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UNC-Chapel Hill is one of the nation’s few public flagship campuses to practice need-blind admissions and provide low-debt, full-need student aid. This approach makes the promise of a Carolina education possible for all students regardless of their financial means. We provide a variety of financial aid for students, including merit- and need-based scholarships and work study. Carolina long has been one of the nation’s only two public universities to fully fund 100 percent of demonstrated need among eligible students.

Carolina ranks among the top universities in the nation and around the world. In 2023 rankings, U.S. News & World Report listed UNC-Chapel Hill 5th among public universities for the 22nd consecutive year, as well as the best value among public universities for the 18th time. The Wall Street Journal/Times Higher Education 2022 College Rankings named Carolina the No. 1 public college in the South, 3rd among all U.S. public universities and 33rd among both public and private universities. The 2022 Academic Ranking of World Universities, released by the ShanghaiRanking Consultancy, ranked Carolina 29th in the world, 20th in the United States among global universities, and 7th amongst public U.S. universities. And the most recent Kiplinger’s Personal Finance assessment in 2019 ranked Carolina the No. 1 best value in U.S. public higher education for the 18th time.

In 2004, UNC-Chapel Hill launched the Carolina Covenant, a ground-breaking program that supports the full financial need of academically qualified low-income students so they may graduate debt-free. As of June 2022, the Campaign for Carolina had raised $889.9 million for student support (undergraduate, graduate and professional) including $67.7 million for the Carolina Covenant, which has brought over 10,500 scholars to Chapel Hill and led to dramatically improved graduation rates among our lowest-income students. Recent enhancements have included creating a support network to help Carolina Covenant Scholars increase career readiness and admission to advanced degree programs.

In 2006, with the help of the Jack Kent Cooke Foundation, UNC-Chapel Hill launched the Carolina Student Transfer Excellence Program (C-STEP), which partners with 14 community colleges in North Carolina – most in rural counties – to identify talented low-and moderate-income community college students and to provide a pathway for admission to UNC-Chapel Hill. The program expanded in 2019 to include two new community colleges and a new initiative to help prepare those students for jobs in STEM (science, technology, engineering and mathematics) fields. The expansion was made possible by a grant from the North Carolina GlaxoSmithKline Foundation. In the program’s first 13 years, 85 percent of C-STEP students graduated from Carolina.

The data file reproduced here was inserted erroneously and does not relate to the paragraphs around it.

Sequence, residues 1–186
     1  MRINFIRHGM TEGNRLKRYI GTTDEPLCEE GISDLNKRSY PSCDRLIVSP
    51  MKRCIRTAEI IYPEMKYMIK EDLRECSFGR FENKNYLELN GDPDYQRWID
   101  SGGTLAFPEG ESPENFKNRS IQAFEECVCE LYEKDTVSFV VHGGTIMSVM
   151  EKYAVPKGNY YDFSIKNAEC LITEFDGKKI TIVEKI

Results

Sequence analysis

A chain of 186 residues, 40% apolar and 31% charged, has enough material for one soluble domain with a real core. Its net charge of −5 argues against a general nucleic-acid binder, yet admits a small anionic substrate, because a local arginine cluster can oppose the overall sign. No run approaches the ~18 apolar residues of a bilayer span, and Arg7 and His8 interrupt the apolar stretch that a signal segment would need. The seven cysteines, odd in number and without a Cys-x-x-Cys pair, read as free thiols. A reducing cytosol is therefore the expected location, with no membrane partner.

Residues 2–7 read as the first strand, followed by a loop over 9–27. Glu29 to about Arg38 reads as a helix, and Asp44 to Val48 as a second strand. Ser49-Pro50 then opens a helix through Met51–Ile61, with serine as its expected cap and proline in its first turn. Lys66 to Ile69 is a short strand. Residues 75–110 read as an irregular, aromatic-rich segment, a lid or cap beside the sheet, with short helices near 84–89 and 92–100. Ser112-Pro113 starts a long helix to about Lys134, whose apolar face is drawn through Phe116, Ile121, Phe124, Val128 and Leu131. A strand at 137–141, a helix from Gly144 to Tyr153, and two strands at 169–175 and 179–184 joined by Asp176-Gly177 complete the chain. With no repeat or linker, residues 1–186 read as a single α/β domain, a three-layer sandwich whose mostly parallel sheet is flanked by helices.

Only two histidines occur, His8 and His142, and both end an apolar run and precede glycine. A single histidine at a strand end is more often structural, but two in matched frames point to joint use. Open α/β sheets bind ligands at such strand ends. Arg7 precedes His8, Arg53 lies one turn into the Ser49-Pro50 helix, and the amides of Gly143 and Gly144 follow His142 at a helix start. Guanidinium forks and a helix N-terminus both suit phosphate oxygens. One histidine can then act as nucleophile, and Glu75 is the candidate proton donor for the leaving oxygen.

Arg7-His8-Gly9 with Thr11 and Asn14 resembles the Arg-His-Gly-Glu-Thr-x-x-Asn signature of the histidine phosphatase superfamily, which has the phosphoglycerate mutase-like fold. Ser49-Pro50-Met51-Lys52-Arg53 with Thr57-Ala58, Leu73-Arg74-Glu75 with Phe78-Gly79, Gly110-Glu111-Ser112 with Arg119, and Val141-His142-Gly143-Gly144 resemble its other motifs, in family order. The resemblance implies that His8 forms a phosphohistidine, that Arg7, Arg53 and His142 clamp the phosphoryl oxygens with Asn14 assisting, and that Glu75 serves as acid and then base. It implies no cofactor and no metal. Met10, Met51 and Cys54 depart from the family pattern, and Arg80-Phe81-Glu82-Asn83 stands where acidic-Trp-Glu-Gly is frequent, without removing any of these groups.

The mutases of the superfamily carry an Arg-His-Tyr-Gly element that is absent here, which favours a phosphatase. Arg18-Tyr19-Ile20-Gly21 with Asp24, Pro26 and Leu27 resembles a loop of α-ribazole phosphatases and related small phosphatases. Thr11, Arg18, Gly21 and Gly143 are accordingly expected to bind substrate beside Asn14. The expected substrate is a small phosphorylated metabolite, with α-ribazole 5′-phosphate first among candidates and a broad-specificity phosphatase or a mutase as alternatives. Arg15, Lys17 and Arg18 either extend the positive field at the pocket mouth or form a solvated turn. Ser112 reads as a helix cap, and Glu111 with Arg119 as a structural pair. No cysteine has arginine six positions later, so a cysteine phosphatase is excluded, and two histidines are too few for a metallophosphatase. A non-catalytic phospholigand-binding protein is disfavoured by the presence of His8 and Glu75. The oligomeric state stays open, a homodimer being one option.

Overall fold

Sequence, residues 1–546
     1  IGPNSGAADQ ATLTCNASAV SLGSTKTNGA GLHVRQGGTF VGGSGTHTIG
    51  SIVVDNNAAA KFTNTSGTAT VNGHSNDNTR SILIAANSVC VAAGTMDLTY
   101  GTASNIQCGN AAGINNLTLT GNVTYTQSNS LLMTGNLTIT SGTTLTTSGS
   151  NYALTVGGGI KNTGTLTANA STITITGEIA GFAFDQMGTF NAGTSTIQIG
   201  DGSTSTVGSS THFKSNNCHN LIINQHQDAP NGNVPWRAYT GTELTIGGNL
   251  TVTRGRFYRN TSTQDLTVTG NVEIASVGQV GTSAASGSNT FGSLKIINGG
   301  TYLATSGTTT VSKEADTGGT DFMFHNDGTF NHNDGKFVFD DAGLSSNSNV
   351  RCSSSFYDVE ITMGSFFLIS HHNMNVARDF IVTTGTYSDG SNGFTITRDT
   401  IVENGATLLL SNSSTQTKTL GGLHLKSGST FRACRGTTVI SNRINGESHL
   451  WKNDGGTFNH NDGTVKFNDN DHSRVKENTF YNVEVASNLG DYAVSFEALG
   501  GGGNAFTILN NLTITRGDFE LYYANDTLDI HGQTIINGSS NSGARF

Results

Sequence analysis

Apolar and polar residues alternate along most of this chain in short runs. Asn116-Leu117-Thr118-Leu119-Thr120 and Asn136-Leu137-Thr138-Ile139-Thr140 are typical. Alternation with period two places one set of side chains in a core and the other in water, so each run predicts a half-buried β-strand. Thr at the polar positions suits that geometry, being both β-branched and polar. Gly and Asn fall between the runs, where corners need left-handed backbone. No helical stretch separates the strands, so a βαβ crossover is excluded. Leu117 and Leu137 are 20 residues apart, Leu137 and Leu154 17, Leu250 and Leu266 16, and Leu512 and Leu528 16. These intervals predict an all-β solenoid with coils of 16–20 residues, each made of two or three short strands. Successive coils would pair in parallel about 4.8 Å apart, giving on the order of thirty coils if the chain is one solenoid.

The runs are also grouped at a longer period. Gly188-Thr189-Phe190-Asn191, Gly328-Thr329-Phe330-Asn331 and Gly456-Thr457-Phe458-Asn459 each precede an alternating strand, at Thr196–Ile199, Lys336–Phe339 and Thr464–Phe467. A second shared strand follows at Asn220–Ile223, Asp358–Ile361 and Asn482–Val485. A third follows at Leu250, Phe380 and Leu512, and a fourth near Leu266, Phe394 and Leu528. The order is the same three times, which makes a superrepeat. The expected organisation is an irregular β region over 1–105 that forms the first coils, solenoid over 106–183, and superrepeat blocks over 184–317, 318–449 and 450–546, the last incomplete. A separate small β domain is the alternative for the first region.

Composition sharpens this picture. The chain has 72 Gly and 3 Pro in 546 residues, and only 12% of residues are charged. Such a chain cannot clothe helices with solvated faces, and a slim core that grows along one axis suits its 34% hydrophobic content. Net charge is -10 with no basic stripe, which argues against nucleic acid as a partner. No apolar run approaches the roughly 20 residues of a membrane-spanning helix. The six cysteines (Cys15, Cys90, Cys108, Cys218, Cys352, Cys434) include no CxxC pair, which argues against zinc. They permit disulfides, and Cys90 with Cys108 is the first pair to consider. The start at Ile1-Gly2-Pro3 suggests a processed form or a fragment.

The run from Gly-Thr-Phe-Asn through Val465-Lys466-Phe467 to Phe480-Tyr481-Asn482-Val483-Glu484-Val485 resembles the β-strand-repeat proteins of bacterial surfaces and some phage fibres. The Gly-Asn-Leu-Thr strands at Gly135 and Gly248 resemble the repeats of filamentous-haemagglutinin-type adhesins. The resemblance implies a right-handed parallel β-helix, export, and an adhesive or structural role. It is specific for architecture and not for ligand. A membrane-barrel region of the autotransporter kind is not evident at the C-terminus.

In 2007, again with the help of the Jack Kent Cooke Foundation, UNC-Chapel Hill founded the Carolina College Advising Corps, which places recent Carolina graduates as admissions and financial-aid advisers in underserved high schools across North Carolina to reinforce the advantages of a college education and guide prospective students through the admissions process. During 2021–2022, the program included 50 advisers serving nearly 10,500 graduating seniors in 63 under-resourced high schools. The Corps builds a statewide pipeline to college for students and now provides opportunities for advisers to gain AmeriCorps service credit and experience toward graduate study or a career.

In 2017, the Jack Kent Cooke Foundation awarded Carolina its Cooke Prize for Equity in Education Excellence to recognize years of dedication to providing support and opportunities for thousands of deserving students. Carolina was the first public university to receive the foundation’s $1 million award, which celebrates success in enrolling low-income students and supporting them through graduation.

In 2018, the University expanded its commitment to access and affordability for North Carolina families with a $20 million scholarship initiative to provide financial aid for middle-income undergraduate students from North Carolina as part of the Campaign for Carolina. The privately funded Blue Sky Scholars program fills an important gap by supporting exceptionally qualified North Carolina residents from middle-class backgrounds who qualify for financial aid but do not meet the requirements for the Carolina Covenant.